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by 1885 had risen to 45.86 per cent.* Professor Taussig says "had the higher duties of the act of 1883 been brought before Congress in a separate bill, there can be no doubt that their enactment would have been impossible. That they were in many cases half concealed by means of changes in classification, or were coupled with apparent reductions on other articles in the same schedules, shows that the protectionists themselves had some fear of putting them nakedly before the public. Taussig also says that the measure" is best described as a halfhearted and unsuccessful attempt on the part of protectionists to bring about an apparent reform of the tariff," that "it was framed by men who at heart were protectionists," and that the reductions made "had little effect other than the change of the figures on the statute-book." The "infant industries" demanded protection and the reductions were small, the more radical protectionists securing" modifications along lines of high and even increased protection." Congress treated the recommendations of the commission "with disapproval, if not with contempt." The duties were raised on "certain classes of woolen goods, especially on dress goods, and the finer grades of cloths and cassion cotton hosiery, embroideries, trimmings, laces, and insertions, constituting about two-thirds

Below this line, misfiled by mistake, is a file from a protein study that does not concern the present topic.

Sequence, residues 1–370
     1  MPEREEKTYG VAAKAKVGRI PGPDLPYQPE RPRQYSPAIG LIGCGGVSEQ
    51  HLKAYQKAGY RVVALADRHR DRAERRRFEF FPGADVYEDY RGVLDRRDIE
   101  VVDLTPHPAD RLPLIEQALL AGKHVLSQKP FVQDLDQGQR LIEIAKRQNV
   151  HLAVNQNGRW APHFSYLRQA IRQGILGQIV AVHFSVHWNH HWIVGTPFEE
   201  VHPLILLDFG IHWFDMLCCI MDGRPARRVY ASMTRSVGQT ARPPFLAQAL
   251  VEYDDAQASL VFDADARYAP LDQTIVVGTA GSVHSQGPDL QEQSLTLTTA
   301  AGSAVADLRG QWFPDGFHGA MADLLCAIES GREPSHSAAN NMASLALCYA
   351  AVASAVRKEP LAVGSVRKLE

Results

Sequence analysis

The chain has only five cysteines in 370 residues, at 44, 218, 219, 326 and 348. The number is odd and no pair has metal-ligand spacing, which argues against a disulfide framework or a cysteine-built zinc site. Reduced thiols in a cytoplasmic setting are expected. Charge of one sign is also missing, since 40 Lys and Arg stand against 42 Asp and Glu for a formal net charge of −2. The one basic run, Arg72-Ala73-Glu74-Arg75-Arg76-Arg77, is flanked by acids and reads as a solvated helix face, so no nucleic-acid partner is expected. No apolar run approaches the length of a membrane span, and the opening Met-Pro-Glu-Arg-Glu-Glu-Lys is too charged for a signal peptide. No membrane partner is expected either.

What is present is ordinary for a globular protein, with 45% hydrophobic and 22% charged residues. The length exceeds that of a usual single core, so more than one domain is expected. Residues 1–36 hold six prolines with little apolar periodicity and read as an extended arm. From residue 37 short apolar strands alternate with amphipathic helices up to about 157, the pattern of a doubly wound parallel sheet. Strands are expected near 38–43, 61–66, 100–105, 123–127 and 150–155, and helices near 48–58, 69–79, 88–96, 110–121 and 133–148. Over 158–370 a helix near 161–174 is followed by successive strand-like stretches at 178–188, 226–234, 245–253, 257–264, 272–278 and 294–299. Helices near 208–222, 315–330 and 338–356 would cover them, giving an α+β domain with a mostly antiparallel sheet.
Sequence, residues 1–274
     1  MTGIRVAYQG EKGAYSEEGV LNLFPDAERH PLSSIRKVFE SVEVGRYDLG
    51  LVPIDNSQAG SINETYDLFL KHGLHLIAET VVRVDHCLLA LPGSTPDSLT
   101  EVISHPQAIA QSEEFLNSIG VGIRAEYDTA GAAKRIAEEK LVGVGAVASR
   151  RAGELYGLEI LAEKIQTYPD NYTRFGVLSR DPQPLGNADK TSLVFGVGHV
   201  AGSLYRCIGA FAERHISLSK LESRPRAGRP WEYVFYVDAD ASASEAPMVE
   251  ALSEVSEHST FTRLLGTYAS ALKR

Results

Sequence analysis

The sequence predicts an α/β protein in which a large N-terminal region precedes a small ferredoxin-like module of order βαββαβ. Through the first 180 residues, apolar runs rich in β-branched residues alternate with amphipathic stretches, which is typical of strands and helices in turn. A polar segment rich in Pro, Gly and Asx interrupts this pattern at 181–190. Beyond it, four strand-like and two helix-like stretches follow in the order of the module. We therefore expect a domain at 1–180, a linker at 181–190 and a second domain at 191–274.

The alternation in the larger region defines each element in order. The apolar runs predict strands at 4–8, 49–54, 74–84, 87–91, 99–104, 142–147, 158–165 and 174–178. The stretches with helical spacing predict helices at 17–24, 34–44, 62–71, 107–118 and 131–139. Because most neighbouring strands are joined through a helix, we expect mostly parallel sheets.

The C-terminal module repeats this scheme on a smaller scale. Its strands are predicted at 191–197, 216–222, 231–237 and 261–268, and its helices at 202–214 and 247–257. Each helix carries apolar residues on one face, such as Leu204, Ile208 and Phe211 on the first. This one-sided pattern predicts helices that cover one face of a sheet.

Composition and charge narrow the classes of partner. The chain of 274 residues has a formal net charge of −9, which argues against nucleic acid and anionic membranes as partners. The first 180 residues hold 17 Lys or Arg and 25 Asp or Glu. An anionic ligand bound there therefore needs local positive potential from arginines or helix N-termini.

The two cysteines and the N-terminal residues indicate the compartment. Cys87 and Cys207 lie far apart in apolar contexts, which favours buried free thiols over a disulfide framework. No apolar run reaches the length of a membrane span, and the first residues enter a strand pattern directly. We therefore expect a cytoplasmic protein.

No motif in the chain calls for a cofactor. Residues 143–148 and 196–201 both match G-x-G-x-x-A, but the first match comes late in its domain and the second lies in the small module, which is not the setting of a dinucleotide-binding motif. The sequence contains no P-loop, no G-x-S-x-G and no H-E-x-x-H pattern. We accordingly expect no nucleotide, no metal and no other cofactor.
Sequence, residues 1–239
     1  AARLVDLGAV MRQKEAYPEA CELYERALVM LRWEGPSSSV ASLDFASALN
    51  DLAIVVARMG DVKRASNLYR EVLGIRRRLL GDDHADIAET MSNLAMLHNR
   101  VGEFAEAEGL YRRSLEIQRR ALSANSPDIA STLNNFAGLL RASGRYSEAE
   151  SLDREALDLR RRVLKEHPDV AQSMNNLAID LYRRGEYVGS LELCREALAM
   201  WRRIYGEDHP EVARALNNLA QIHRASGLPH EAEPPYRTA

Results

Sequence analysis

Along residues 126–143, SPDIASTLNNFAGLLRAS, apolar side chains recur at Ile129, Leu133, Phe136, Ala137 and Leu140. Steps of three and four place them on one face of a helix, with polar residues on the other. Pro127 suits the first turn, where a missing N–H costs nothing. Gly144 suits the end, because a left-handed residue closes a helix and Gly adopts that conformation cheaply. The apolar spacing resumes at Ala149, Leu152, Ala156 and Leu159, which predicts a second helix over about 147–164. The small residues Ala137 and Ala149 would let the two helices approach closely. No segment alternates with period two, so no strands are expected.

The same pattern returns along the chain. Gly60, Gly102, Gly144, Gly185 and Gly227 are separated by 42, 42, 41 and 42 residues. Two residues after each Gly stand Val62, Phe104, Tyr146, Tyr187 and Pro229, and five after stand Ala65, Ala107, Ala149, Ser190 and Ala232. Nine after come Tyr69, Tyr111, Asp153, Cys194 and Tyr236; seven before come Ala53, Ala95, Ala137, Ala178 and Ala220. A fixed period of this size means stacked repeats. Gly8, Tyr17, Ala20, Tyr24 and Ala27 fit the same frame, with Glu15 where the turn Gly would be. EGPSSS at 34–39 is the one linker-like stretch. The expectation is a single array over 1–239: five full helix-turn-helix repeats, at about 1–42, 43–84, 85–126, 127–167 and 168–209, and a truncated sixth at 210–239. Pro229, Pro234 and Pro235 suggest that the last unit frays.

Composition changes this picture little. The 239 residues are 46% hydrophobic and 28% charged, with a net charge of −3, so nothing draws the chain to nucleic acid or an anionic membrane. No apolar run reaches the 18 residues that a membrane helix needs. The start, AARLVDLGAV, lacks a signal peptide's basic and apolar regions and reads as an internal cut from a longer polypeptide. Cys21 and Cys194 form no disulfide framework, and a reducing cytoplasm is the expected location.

* Howe, Internal Revenue System, p. 221 et seq. Stanwood, 'Tariff Controversies, vol. ii., p. 219 et seq.

Taussig, Tariff History, pp. 242-254.

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of the cottons imported; iron ore and certain manufactures of steel." The reductions were on the finer grades of wool, on the cheaper grades of woolen and cotton goods, on steel rails, copper, marble, nickel and barley."*

But the bill was not satisfactory even to the Republican protectionists, John Sherman being particularly outspoken in his criticism of the bill. As it was, the conference committee of the two Houses, instead of reducing duties raised them so that in some instances they equalled the old war tariff.